Standard & Poor's non-life insurance rating outlook

Standard & Poor's non-life insurance rating outlook
Denmark's non-life insurance market's stable outlook could be undermined by lack of rate increases

Standard & Poor's has a stable outlook on the Denmark non-life insurance market, despite it suffering its largest ever catastrophe loss from windstorm Anatol, which hit Denmark in December 1999. A stable outlook indicates that most insurers' financial strength ratings are unlikely to change. The market's stability could, however, be undermined if premium rate increases are not implemented.

Despite a loss which now stands at Danish krone (DKr) 14bn (£1.1bn), solvency levels remain good and few financial strength ratings are likely to change in the short term. The market reported a pre-tax loss in 1999 due to the impact of Anatol; the combined ratio leapt from 100% in 1998 to 115% in 1999.

Nearly all insurers in Denmark had inadequate reinsurance cover in place and consequently suffered what has become known as “unplanned retentions”, some of which were substantial. This has led to a significant deterioration in 2000 results, as the growth in the original 1999 loss has continued after the closing of the 1999 accounts. The future of the market is dependent on the extent to which the market is able and willing to implement premium rate increases, which will be required to pay for much more expensive and much higher levels of reinsurance protection.

One particular concern regarding the successful implementation of rate increases is that the market is showing few signs of consolidation. Many insurers are small and the costs of due diligence and integration are prohibitive in comparison with the value such companies would add to the new, larger parent.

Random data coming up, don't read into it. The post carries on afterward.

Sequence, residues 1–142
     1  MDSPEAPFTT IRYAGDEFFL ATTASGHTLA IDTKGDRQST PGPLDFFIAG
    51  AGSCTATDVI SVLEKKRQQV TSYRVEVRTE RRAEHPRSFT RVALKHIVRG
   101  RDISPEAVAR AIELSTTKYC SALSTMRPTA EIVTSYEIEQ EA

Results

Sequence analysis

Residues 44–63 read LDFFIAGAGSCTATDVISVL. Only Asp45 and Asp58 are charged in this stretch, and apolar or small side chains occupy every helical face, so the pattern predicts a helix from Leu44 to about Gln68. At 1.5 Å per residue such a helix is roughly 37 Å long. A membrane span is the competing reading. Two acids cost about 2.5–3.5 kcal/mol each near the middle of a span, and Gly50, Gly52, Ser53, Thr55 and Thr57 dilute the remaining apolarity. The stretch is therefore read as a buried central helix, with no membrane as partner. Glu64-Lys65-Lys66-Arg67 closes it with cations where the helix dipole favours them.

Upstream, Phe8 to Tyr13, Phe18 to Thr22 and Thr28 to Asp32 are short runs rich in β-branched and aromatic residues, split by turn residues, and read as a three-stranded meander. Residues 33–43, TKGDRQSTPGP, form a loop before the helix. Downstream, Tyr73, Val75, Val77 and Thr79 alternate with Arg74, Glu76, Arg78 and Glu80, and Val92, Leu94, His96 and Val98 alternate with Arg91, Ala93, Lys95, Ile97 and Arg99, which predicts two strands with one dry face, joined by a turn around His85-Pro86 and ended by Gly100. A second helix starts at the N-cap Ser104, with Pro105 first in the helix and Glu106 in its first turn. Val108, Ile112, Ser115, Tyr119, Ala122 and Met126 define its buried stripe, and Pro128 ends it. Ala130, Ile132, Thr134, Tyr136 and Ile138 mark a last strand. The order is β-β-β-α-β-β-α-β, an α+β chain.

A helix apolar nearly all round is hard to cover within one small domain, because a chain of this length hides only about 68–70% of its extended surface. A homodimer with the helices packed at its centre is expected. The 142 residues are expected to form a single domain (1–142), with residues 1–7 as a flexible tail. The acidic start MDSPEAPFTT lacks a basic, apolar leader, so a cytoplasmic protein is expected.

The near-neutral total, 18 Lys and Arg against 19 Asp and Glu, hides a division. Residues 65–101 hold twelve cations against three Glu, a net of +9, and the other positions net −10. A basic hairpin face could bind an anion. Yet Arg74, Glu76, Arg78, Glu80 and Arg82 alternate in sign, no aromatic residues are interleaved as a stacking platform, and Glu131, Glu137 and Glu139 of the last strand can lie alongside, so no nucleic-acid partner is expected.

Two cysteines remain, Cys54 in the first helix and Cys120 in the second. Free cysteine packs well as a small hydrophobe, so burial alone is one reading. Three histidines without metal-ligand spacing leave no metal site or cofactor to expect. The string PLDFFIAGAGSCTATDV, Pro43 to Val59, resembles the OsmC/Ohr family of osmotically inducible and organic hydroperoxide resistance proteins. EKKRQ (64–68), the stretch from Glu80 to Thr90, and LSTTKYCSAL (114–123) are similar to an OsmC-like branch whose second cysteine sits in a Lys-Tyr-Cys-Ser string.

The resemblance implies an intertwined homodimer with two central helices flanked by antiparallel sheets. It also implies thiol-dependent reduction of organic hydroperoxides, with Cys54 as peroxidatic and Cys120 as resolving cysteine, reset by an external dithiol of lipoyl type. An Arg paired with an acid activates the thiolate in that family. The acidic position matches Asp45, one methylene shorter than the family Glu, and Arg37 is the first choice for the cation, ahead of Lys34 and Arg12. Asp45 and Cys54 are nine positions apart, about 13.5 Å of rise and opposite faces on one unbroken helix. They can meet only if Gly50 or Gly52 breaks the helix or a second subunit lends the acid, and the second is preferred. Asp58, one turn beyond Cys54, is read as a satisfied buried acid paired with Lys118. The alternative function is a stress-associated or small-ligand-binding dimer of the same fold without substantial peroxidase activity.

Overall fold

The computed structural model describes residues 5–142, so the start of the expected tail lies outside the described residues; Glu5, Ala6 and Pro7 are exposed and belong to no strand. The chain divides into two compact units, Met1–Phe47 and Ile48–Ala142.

As a result of the potential volatility of the Danish market, arising from the uncertainty of the sustainable increases in rates, the market's stability over the medium term is more likely to come into question than that of any other Nordic market.

The insurance market
Denmark is also home to specialist reinsurers GE Frankona Re, Copenhagen Re, Tryg-Baltica International and KAB International.

Denmark, with a population of around 5.3 million, is a small market in an international context. It has a well developed and mature insurance industry, with some 165 non-life companies (63 limited companies, 76 mutuals and 26 foreign companies) in 1999.

The top five non-life insurance groups in Denmark – Tryg-Baltica, Topdanmark, Codan, Alm Brand and Denmark Sygeforsikring – have a combined market share of 71.5%. Outside of these five, however, the market is fragmented.

There has been some restructuring and merger and acquisition activity involving companies in the Danish market, with the biggest insurers trying to consolidate their position. Most notable was the merger of Unidanmark (owner of Tryg-Baltica) and Finnish/Swedish Meritanordbanken in April 2000 to create Nordea AB, the largest financial services group in the Nordic region.

This merger increased Tryg-Baltica's presence in Finland and Sweden. Tryg-Baltica's presence in Norway was enhanced through the acquisition of Vesta (Norway's third largest insurer), which was completed in December 1999. In 1999, Tryg-Baltica had a 21.8% share of the non-life Danish market. The company also has exposure to the international market, via Tryg-Baltica International in Denmark and Tryg-Baltica International (UK).